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The benefits of Iran-Pakistan gas pipeline project

The research studies revealed that over the last four decades worldwide economy has experienced various wide swings in energy prices. These swings have very grave repercussions for countries of Asia, in general, and South Asian regions, in particular the latter having tremendous economic potential. The experts identified that rapidly growing economies like India, China and Pakistan will face grave energy crisis if they do not plan well for future needs. Statistics showed that the energy crisis in Pakistan has also gravely aggravated affecting the economy and growth besides paralyzing the routine life.

Consequently, the Government of Pakistan is in dire need to address its energy issues. Given its geopolitical disposition with energy rich Central Asian Region (CAR’s) and Iran in its neighborhood, the Government of Pakistan has a chance to come out of the crisis in time. Nevertheless, plans like the Iran-Pakistan gas pipeline project, thus exists with extreme essentiality with no apparent alternatives in the foreseeable future.res2gph1

Concurrently, where Iran is in a state of confrontation with US because of the controversy of its nuclear program, it faces various issues and US led sanctions. The US in order to isolate Iran has also been forcing international community to follow the same pattern. In this pursuit, it also managed to convince India to abandon the very project and has been pressurizing Pakistan to look for other alternative; despite the fact that the project has immense significance for the region.

Presently, the Inter State Gas Systems (Private) Limited (ISGS) and the National Iranian Gas Company (NIGC) inked a revised agreement for the much-delayed Iran-Pakistan (IP) gas pipeline project. Sources recorded that as per the revised contract, the Government of Pakistan will no longer have to pay fine to Iran and Iran will not go to an arbitration court for delay in IP pipeline construction. It is also recorded that the two states will work together to find a viable solution to the project. Furthermore, Pakistan can build the IP pipeline till the year 2024 for buying 750 million cubic feet of natural gas per day (MMCFD) from Iran.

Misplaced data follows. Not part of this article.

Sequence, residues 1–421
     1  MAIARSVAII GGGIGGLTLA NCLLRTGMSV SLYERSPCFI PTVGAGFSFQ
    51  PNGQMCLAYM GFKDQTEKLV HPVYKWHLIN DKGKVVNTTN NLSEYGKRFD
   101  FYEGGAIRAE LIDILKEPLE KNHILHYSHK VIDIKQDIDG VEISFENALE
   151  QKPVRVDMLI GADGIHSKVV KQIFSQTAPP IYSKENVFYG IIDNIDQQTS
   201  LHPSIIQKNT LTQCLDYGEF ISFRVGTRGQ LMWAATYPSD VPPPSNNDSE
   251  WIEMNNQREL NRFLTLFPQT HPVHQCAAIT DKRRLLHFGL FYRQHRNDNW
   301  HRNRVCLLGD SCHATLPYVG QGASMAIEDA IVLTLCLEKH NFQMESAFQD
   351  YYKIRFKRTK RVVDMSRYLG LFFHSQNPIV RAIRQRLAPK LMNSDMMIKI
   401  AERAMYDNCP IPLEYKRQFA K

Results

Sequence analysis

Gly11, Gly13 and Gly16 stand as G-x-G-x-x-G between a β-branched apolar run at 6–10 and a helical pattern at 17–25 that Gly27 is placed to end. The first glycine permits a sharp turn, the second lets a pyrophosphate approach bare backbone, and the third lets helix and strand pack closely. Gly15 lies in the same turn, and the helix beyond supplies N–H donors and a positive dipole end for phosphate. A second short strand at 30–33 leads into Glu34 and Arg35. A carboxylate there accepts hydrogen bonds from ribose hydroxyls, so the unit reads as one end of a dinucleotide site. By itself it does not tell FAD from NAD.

International experts identified that Iran’s economic freedom score is 51.1, making its economy the 155th freest in the 2019 Index. Its overall score has increased by 0.2 point, with higher scores for judicial effectiveness and investment freedom exceeding declines in labor freedom and business freedom. Iran is ranked 13th among 14 countries in the Middle East and North Africa region, and its overall score is below the regional and world averages.

 

For greater than 4-year, the IP gas project was off the table because of international sanctions – both multilateral imposed through the United Nations and the unilateral clamped by US, Canada, UK and the EU. The unilateral sanctions imposed through US were the most severe amongst all international restrictions – Iran Sanctions Act 1996, Comprehensive Iran Sanctions, Accountability and Divestment Act 2010 and National Defence Authorisation Act-2012.

The construction work on the Pakistani section of the pipeline had been inaugurated during 2013 and it was planned to be completed within 22 months. During 2014, the Government of Pakistan said that the project for the moment is off the table, it cited international sanctions as the issue. In the absence of international sanctions the project can be completed within 3-year, but the Government of Pakistan cannot take it any further at the moment because international sanctions against Iran are a serious issue.

The Iran-Pakistan gas pipeline, also known as the Peace pipeline, or IP Gas, is an under-construction and will expect to deliver natural gas from Iran to Pakistan. Sources also recorded that the Iranian section is known as Iran’s seventh cross-country gas pipeline.

Background

The Iran-Pakistan (IP) gas pipeline was first conceived by a young Pakistani civil engineer, Aftab Ahmed. He put forth the idea to connect these two neighbouring countries via an energy transmitting pipeline that he dubbed the ‘Persian Pipeline’ in 1950. The idea was to reinforce the gas resources of Pakistan and to create connections between the two friendly neighbouring states. Rajendra K. Pachauri revisited the idea in 1989 and initiated talks with the former Deputy Foreign Minister of Iran, Ali Shams Adrekani. The concept was reshaped and expanded into the ‘Iran-Pakistan-India gas pipeline’. However, India broke away from the project under the pretext of cost disputes and security threats; the underlying reason being the Indo-US civil nuclear deal of 2008.

Technical details of the project
  • Country: Iran, Pakistan, India (In 2009, India withdrew from the project).
  • Route: Originates from Asalouyeh (South Pars gas field), passes through Bandar-Abbas, Iranshahr, Khuzdar up to Sui and Multan.
  • Type: Natural gas.
  • Expected to be completed by mid-2015.
  • Length: 2,775 kilometers (1,724 mi), From Iran side 1100 Km (730 miles), Pakistan 1000 Km and India 600 Km.
  • Discharge: Initially 22 billion cubic meters per year (21.5 million cubic meters per day) (750 million cubic ft), will be raised up to 55 billion cubic meters per year.
  • Diameter: 48 inches (1,219 mm).
  • Estimated Cost: US $ 7.5 billion.
  • Estimated Time: 3-5 years.

In Khuzdar a branch would spur off to Karachi. From Multan the pipeline may be expanded to Delhi.

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